In family 1121 (Fig. 5A), the deaf proband was found to be heterozygous for 5601delAAC, a mutation in exon 33 of PCDH15 resulting in a deletion of a threonine residue at codon 1867, and for 193delC, a previously reported mutation of CDH23 in patients with USH1D (23). The PCDH15 cytoplasmic domain contains two proline-rich stretches that are conserved in evolution, which strongly imply that these domains are of functional significance for the proteins. Proline-rich sequences are among the most abundant motifs in eukaryotics cells and play a pivotal role in many signaling pathways (24). They mediate the assembly of molecular complexes by interacting with different domains contained in various proteins (25). The 5601delAAC mutation is located downstream of the proline-rich sequences of the PCDH15 protein and may, therefore, affect those functions. The 193delC mutation of CDH23 consists of a deletion of a single C in a CCCCC string in exon 3 located in the first extra-cellular repeat domain, which causes a frameshift at codon 65 and a stop codon 48 amino acids downstream. As the resulting truncated protein lacks ~96% of the predicted coding sequence, residual function is unlikely. Genotyping revealed that the mother was heterozygous for 5601delAAC of PCDH15, the father was heterozygous for 193delC of CDH23 and the normal hearing brother was homozygous for the wild-type alleles of both genes (Fig. 5A).
In family 239, the deaf proband was heterozygous for a 16delT mutation in exon 2 of PCDH15 and for a C→T transition at nucleotide 9565 of codon 3189 (R3189W) of CDH23 (data not shown). The normal hearing brother of the patient was found to be heterozygous only for the 16delT mutation in PCDH15. The PCDH15 16delT mutation causes a frame-shift leading to an altered amino sequence from codon 6, followed by a premature stop at codon11 in the predicted signal peptide sequence of PCDH15. The CDH23 cytoplasmic region contains two pdz-binding interfaces (PBI) domains, sequence motifs that are known to mediate protein–protein interactions: an internal domain with homology to a PBI in the adaptor protein Ril and a PBI at the C-terminal fitting the consensus for class I PBIs (26). The CDH23 R3189 codon located within the internal PBI and is conserved in evolution across species. The R3189W mutation in the cytoplasmic region of CDH23 protein might, therefore, affect the protein–protein interaction function of the protein rather than intercellular adhesion.
In family 1677 (data not shown), the deaf proband was heterozygous for 5601delAAC in PCDH15 and homozygous for an A→G transition at nucleotide position 3625 of CDH23 resulting in the substitution of a threonine for an alanine at codon 1209 (T1209A) of CDH23. This mutation has previously been identified in the homozygous state in patients with USH1D. It is located within a linker region between extracellular repeat domains 11 and 12 (23). Previous studies have shown that homozygous splicing variants, nonsense, frameshift mutations of CDH23 lead to typical USH1D (1,2,23,27), whereas homozygosity for missense mutations cause a form of non-syndromic deafness (DFNB12) or atypical USH (2,23). It is possible that the more severe USH phenotype found in the patient in family 1677 is due to a modifier effect of the PCDH15 5601delAAC mutation. The mutations identified in the present study are believed to be pathological, first, because of their location in functionally important and evolutionarily conserved domains and, secondly, because the changes were not observed in 100 unrelated control subjects.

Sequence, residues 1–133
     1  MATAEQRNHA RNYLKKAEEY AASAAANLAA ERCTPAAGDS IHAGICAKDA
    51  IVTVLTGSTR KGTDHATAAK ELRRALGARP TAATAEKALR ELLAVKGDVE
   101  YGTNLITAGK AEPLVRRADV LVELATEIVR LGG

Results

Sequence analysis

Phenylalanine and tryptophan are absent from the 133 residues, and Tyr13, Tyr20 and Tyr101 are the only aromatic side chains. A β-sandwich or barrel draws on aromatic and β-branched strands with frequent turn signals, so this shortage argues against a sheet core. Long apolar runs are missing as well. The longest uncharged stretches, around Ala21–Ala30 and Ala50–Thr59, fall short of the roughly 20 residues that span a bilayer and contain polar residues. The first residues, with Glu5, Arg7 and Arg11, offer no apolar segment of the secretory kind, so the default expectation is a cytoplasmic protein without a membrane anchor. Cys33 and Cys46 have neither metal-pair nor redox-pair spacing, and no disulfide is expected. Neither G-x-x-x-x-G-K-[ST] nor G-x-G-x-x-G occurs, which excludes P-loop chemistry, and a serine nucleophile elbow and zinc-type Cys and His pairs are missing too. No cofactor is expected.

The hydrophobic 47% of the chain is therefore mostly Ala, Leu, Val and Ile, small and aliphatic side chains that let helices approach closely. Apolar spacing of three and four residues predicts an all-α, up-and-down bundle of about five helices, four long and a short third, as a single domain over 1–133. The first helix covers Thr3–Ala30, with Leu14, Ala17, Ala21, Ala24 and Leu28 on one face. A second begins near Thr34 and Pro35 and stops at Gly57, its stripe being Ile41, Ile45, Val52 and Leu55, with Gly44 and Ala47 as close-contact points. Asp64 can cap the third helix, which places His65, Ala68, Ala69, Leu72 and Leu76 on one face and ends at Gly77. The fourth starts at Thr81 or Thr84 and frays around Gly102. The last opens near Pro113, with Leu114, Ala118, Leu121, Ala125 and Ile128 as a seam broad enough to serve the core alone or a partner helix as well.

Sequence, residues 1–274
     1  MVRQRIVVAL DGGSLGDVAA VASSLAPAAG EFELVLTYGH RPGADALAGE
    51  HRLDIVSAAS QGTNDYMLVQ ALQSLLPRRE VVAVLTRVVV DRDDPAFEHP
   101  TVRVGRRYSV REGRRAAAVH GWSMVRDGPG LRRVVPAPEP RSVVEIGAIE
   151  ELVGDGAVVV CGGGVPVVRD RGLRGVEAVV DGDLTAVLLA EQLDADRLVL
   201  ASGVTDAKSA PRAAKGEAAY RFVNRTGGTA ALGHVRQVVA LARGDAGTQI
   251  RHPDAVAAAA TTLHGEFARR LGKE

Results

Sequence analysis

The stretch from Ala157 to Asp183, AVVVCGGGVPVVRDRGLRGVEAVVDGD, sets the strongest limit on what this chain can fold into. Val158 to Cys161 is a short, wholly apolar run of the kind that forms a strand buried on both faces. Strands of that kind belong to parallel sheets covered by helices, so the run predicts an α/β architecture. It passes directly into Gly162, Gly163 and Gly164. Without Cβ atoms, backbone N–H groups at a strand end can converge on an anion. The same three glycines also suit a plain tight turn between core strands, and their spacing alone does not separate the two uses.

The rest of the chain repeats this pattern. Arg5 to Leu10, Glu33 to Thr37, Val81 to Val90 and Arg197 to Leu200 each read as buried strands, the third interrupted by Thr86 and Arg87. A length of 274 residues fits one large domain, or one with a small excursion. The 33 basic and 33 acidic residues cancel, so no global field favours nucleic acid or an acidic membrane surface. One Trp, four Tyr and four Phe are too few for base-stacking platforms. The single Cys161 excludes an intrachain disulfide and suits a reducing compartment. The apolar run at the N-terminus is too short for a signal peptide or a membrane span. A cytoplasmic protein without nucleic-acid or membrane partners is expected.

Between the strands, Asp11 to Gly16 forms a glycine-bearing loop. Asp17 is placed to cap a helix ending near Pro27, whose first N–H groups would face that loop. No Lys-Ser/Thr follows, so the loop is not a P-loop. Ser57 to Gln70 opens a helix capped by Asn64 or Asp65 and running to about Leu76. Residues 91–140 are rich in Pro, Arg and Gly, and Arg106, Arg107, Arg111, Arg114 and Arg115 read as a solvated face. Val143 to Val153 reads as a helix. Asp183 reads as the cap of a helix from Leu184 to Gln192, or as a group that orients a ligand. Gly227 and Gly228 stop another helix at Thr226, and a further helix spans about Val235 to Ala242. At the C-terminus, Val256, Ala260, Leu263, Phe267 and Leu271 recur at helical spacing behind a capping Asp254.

In the present study, we show that mice doubly heterozygous for Cdh23v-2J and Pcdh15av-3J mutations exhibit deafness and abnormal stereocilia in outer and inner hair cells of the organ of Corti by 5 months of age, whereas single heterozygotes lack this pathology. Within the cochlea, Cdh23 and Pcdh15 are expressed in the inner and outer hair cells (6,7). In agreement with their expression pattern, we observed hair-cell specific defects in Cdh23v-2J +/+ Pcdh15av-3J double heterozygous mice. Ultrastructural studies have revealed four types of stereocilia links including tip links, top links, shaft or lateral links and ankle links (28). They are thought to provide cohesiveness to the stereocilia bundle. Ankle links are present in mouse hair-cell stereocilia up to postnatal day 12 and then begin to disappear and are completely absent in adult mice (5). Cadherin 23 was first reported to be undetectable in stereo-cilia of mice older than postnatal day 30 (29), raising the possibility that it may be important for the development of stereocilia bundle and may have a role in the formation and maintenance of some transient links, such as ankle links, but not in the long-term maintenance of stereocilia bundle morphology. However, recent studies have indicated that CDH23 was still expressed in mature cochlear hair cells, even when hair cells have lost their kinocilium (30,31). It was suggested that its role in adult hair cells might be to form kinocilia links and tip links, which transmit force to mechanically gated ion channels. Protocadherin 15 is expressed in the stereo-cilia of developing mammalian hair cells and persists in adult hair cells along the length of stereocilia, indicating that it might be important for the long-term maintenance of lateral links between stereocilia (5). The prominent role of cadherins is in mediated cell-cell interactions (14). Thus, homophilic interaction of CDH23 and PCDH15 proteins might form links that interconnect stereocilia within a bundle. Both proteins could also engage in heterophilic interactions. Previous studies have suggested that interactions among the USH1-proteins myosin VIIa, harmonin, cadherin 23 and SANS may play a fundamental role in differentiation of the actin bundle in stereocilia (29,32). A failure of this process leads to stereocilia disorganization, as observed in mouse models (7,18–20), and is thought to be responsible for profound congenital deafness in patients with Usher syndrome (33). In the present studies, abnormal links between stereocilia could account for the stereocilia defect seen in double heterozygous mice. Loss of Cdh23 and Pcdh15 functions in heterozygous mice is progressive with aging, which indicates a crucial role for these proteins in the long-term maintenance of lateral connections between stereocilia.